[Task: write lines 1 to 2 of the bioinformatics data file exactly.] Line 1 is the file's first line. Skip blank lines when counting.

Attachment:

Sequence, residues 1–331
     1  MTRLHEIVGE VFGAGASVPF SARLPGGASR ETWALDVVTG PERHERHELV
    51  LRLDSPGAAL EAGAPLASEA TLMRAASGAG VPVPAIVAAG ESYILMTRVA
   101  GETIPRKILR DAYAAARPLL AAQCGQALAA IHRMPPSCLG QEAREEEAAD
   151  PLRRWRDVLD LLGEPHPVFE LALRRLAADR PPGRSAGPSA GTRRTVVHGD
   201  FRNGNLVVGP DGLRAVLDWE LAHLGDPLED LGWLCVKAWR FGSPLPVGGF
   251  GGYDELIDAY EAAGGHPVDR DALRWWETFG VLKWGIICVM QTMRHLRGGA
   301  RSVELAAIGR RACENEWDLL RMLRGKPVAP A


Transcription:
Sequence, residues 1–331
     1  MTRLHEIVGE VFGAGASVPF SARLPGGASR ETWALDVVTG PERHERHELV